♫ Don’t scab for the kings, don’t listen to their lies, us poor serfs haven’t got a chance, unless we organize. ♫
When we picture life as a Middle Ages commoner, one (okay, I) might be inclined to summon up images of an endless stream of days tilling the fields for mud and medically repurposed leeches, the endless toiling only coming to a halt for the occasional witch burning. Turns out, our (my) impressions of medieval peasant life might not be as factually informed as we (I) think (and not just because Monty Python and the Holy Grail isn’t a terribly reliable source of information on the medieval period in Europe).
In her book, The Overworked American: The Unexpected Decline of Leisure, Julie B. Schor writes that life before the 40-hour workweek of the 20th-century and the 90-hour workweek of the Industrial Revolution involved less work and more leisure time.
Life before the 40-hour workweek of the 20th-century and the 90-hour workweek of the Industrial Revolution involved less work and more leisure time.
There were a handful of reasons that contributed to this more “laidback” way of life. For one thing, if you worked in the fields, your job was inherently seasonal. But unlike the present day, where a seasonal job means a temporary retail gig that lasts between Black Friday and Christmas and then scrambling on to your next job when work came to an end for a season, that’s just it: It came to an end for the season.
And when you did work, sure, you were probably in the fields “from dawn to dusk” but that didn’t mean that you were at your plow for every minute of that period. Schor references the writings of James Pilkington, a 16th-century bishop, in which he describes the average working day of the “labouring man” as starting with a “long rest in the morning; a good piece of the day is spent afore he come at his work; then he must have his breakfast…when the clock smitheth, he will cast down his burden in the midway…At noon he must have his sleeping time…and when his hour cometh at night…he casteth down his tools, leaveth his work, in what need or case soever the work standeth.” (A far cry from an age where some warehouse workers are so heavily deterred from taking normal bathroom breaks they’ve turned to urinating in bottles.) Outside of agriculture, a “days-works” would be about half a day for “servile laborers,” and artisans and masons could be worked out to a yearly average of nine hours a day. And, Schor notes, thanks to the influence of the church and its plethora of saints and rest days, English peasants likely didn’t work more than 120-150 days a year. That’s about 215-245 days off a year.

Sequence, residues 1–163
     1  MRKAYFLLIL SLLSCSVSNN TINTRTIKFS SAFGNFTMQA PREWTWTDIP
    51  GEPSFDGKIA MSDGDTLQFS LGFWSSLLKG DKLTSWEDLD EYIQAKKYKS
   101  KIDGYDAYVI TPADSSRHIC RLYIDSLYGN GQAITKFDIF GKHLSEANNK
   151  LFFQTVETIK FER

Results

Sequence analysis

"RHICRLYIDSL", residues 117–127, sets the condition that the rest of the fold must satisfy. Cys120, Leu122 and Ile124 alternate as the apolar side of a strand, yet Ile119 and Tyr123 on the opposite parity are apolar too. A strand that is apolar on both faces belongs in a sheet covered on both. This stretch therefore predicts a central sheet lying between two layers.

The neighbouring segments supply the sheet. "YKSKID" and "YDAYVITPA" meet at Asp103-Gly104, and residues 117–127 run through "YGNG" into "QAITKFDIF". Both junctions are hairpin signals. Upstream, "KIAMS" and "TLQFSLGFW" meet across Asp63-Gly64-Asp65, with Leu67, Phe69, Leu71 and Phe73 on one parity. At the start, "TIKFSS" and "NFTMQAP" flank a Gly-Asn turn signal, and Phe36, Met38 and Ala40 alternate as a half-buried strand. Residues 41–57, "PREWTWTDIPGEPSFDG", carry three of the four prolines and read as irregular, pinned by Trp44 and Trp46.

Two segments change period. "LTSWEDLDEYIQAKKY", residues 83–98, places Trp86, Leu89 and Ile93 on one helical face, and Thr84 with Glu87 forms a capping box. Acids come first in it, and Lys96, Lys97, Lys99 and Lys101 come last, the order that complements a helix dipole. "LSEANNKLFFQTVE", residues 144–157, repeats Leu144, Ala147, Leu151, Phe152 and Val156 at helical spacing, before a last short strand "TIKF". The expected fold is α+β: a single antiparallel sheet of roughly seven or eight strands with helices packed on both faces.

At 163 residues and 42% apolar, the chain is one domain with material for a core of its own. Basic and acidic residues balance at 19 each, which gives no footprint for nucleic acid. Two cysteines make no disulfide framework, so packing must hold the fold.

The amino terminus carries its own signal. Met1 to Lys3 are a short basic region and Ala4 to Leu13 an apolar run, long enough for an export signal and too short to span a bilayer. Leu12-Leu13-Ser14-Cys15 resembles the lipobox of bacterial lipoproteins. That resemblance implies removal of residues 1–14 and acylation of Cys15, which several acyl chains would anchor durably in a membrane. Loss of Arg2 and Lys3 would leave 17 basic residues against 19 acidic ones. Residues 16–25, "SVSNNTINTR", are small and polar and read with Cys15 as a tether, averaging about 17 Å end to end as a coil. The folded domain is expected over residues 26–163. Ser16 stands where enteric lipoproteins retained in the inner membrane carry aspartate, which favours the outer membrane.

Vacations as we know them now weren’t quite a thing yet, but you know what made for a great excuse to get out of your hamlet and see some new sights? A good, old-fashioned pilgrimage. All of this makes sense if you stop to think about it, because what were The Canterbury Tales if not the Middle English version of going on a group outing with your new friends from the hostel?
Basically, if Fodor’s had been around in the 1200s, we might’ve had a Spiritual Journeys to the Holy Land series of texts.
And for those who couldn’t go on pilgrimages, there were “allegorical pilgrimages.” Texts like the itinerary maps of Matthew Paris, a 13th-century monk who compiled information and stories relayed to him by travelers, acted as guides for pilgrims that were made up of relevant information and illustrations of notable geographic points. Basically, if Fodor’s had been around in the 1200s, we might’ve had a Spiritual Journeys to the Holy Land series of texts. So even if you couldn’t physically go to Jerusalem (or even Canterbury), you could take all that time you weren’t farming and have yourself a little spiritual staycation.
Contrast that to the present day, where the U.S.—despite the standards set by every other comparable country—doesn’t guarantee workers any kind of paid vacation or holidays. And you don’t have to go back to the Dark Ages to see when Americans were better rewarded with time off. In the 20th century, according to CNBC, Americans took off an average of more than 20 days a year between 1976 and 2000. Since then, the number of days has declined. According to the Bureau of Labor Statistics, only 76% of private industry workers in 2017 received paid time off at all. Of that 76%, workers received an average of 10 vacation days after one year of service, and an average of 15 days after five years of service.
So when are things going to change for American workers? (It’s unlikely that finding a mud field to till is going to be a viable option in this day and age.) For strides in the right direction, you’ll have to look to the organizations that gave us the 40-hour workweek in the first place: unions. The news on this front is a bit of a mixed bag. On one hand, union-busting is alive and well, but unions like United Automobile Workers and more than 80,000 Kaiser Permanente workers continue to leverage their collective power for better pay and working conditions. Sounds like we all deserve a vacation.